PLEASANT GROVE, Utah — Utah fantasy theme park Evermore filed a lawsuit against singer-songwriter Taylor Swift on Tuesday, accusing her of trademark infringement.
The enchanting theme park in Pleasant Grove started years before, out of CEO Ken Bretschneider’s house.
“In 2013, in two nights we almost had 11,000 people come through our house,” said Breschneider.
That’s when Bretschneider came up with the idea of turning two days of magic into a year-round theme park, with hopes to create digital experiences as well.
“We spent the money on the domain and the name, and then we started on the whole concept of the park,” said Bretschneider.
Construction plans soon went over budget and Bretschneider said they ran into financial trouble and they couldn’t finish building the park, but tried to open anyway.
In 2020, the pandemic squandered any of their hopes and they even created a GoFundMe.
“We tried not to do the easy thing, which is to declare bankruptcy and walk away from it,” said Bretschneider.
In mid-December Taylor Swift released a new album under the name of “evermore” and with it merchandise under the same name Bretschneider said they used for their company.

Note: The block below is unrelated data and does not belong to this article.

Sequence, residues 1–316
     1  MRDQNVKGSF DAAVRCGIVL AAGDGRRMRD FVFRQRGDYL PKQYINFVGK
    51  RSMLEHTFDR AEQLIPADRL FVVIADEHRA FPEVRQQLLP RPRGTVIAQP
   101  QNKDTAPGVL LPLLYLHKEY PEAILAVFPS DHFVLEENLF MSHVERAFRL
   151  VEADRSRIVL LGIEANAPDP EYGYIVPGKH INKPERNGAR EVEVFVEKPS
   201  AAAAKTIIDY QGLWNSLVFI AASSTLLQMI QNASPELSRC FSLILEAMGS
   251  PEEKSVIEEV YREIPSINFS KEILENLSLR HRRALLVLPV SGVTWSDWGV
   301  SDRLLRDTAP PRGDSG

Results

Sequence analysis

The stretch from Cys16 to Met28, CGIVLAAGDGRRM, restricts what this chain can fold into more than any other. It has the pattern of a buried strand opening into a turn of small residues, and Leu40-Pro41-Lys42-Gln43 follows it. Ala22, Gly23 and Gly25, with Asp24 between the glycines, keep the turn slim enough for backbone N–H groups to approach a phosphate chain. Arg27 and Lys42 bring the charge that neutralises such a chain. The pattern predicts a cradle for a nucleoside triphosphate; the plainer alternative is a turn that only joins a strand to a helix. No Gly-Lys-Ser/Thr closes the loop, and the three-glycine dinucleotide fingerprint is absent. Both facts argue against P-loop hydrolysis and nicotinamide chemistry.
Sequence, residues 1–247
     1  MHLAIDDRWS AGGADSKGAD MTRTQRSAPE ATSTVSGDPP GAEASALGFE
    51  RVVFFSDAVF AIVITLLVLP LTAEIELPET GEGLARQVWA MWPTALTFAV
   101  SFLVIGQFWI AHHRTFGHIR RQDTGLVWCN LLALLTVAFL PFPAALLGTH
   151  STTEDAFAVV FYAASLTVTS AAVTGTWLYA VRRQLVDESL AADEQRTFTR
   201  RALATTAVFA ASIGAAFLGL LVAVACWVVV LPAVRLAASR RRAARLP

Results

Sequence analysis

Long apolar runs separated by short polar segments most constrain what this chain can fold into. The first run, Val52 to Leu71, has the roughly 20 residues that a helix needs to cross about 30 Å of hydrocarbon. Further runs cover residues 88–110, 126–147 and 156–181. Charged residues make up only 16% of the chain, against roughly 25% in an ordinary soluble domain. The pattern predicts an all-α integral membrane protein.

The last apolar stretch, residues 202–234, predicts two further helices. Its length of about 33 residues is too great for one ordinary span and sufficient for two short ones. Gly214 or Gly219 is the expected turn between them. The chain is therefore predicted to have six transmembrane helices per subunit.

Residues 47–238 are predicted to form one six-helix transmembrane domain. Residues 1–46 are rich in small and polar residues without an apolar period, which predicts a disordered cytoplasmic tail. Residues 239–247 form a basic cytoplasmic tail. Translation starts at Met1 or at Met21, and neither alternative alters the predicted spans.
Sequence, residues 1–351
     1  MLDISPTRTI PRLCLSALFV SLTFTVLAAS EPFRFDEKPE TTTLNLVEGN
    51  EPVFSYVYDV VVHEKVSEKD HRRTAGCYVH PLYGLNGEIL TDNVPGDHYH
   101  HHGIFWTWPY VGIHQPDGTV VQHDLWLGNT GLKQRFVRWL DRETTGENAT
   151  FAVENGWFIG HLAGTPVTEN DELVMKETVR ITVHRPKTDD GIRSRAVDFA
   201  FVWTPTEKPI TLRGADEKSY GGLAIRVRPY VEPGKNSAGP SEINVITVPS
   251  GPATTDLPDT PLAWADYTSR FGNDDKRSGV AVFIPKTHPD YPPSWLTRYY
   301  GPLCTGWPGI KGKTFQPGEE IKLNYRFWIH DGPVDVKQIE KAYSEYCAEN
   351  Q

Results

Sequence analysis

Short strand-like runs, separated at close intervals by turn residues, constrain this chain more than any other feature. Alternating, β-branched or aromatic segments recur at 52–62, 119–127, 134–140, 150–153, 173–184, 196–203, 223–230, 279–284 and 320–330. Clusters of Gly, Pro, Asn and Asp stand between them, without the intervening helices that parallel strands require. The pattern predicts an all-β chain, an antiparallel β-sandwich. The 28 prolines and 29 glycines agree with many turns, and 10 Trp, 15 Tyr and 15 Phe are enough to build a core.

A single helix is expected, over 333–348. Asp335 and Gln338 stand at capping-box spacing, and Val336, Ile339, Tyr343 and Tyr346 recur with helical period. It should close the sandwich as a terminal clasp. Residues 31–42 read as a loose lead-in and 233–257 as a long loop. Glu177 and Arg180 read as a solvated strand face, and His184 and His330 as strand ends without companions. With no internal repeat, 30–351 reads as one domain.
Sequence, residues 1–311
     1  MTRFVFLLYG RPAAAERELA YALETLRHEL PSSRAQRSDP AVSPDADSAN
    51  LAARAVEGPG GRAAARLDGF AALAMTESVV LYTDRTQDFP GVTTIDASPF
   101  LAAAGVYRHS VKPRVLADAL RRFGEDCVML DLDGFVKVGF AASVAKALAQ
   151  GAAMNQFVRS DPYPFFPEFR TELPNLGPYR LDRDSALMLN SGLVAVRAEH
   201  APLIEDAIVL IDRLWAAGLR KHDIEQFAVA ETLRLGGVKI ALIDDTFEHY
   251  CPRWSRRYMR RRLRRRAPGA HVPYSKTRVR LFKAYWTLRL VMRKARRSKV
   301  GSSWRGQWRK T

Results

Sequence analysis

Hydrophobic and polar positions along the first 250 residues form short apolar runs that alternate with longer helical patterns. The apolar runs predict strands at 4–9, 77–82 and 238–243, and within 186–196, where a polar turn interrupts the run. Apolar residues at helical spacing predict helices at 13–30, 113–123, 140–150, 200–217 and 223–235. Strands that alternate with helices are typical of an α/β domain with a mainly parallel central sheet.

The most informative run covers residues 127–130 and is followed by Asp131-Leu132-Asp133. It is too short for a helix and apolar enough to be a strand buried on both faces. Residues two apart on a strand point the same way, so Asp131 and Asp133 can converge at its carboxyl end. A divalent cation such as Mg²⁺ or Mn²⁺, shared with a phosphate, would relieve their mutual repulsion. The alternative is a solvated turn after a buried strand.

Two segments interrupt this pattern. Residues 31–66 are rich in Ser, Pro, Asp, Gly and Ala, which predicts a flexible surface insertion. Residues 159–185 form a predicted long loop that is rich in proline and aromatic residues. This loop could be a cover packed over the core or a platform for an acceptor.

“We’re protecting our brands,” said Bretschneider, regarding the lawsuit they filed against Swift. “We built brands not just to build a park but to do books, to start doing games, to start doing albums.”
According to the complaint, the title of the popular musician’s 2020 album “evermore” conflicts with the theme park’s trademark rights and has resulted in “actual confusion” online, The Salt Lake Tribune reports.
Attorneys for Swift say the allegations of trademark infringement are “baseless” and that they refuse to comply with a cease and desist letter that Evermore Park sent to Swift on Dec. 18.
Steven Rinehart, a patent and trademark attorney in Salt Lake City has been in the business for 14 years.
“There’s a common misconception out there that when you have a trademark, you have the exclusive right to use that trademark in all industries,” said Rinehart.
There are differences in use, Rinehart said, between Swift’s use of Evermore and Bretschneider’s that may be a key factor when a judge reviews the lawsuit.
“While the complaint is heavy on facts, it’s light on legal allegations,” said Rinehart. “Evermore is a generic term; does it describe the goods or services of Taylor Swift or of the amusement park?”
Bretschneider claims it does.
“We’re proud of what we built, and we put a lot of investment into it,” said Bretschneider. “We don’t want people to take advantage of it.”
FOX 13 did not hear back from Swift and her representatives.